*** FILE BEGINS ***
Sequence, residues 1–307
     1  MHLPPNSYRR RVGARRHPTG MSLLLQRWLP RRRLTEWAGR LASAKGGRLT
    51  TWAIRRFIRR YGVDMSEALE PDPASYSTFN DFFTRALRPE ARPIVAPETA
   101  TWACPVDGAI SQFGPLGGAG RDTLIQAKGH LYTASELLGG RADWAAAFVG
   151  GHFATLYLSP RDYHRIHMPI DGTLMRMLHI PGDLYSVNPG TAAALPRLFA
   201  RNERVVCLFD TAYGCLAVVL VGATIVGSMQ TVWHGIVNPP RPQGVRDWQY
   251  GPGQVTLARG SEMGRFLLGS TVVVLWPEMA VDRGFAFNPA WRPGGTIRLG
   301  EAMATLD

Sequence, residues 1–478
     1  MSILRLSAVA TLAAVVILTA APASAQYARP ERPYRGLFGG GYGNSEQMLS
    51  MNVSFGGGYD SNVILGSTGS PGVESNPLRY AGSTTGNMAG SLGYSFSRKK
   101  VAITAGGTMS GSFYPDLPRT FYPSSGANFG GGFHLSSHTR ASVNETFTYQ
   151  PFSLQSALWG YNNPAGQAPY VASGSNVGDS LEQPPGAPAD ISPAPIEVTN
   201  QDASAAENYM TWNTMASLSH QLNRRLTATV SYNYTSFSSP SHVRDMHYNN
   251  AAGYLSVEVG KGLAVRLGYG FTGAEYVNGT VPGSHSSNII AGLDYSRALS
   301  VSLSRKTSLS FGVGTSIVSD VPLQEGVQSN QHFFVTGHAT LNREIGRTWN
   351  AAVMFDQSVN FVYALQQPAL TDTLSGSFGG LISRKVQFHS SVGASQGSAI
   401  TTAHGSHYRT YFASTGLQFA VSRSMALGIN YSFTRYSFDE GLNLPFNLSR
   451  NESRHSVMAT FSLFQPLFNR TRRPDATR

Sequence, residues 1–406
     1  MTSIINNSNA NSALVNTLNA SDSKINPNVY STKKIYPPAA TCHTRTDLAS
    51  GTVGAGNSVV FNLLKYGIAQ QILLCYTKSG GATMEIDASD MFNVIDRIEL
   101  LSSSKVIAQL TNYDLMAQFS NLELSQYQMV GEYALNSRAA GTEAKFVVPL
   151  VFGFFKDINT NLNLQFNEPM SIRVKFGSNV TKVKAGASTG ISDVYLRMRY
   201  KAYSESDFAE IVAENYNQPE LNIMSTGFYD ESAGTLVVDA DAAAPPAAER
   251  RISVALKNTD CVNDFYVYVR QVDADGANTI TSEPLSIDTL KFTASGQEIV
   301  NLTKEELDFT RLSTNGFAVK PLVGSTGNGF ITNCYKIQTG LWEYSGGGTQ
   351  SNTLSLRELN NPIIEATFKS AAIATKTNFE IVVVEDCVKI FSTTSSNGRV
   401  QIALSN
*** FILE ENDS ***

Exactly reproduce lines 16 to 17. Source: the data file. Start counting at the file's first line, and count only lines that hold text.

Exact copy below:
   301  VSLSRKTSLS FGVGTSIVSD VPLQEGVQSN QHFFVTGHAT LNREIGRTWN
   351  AAVMFDQSVN FVYALQQPAL TDTLSGSFGG LISRKVQFHS SVGASQGSAI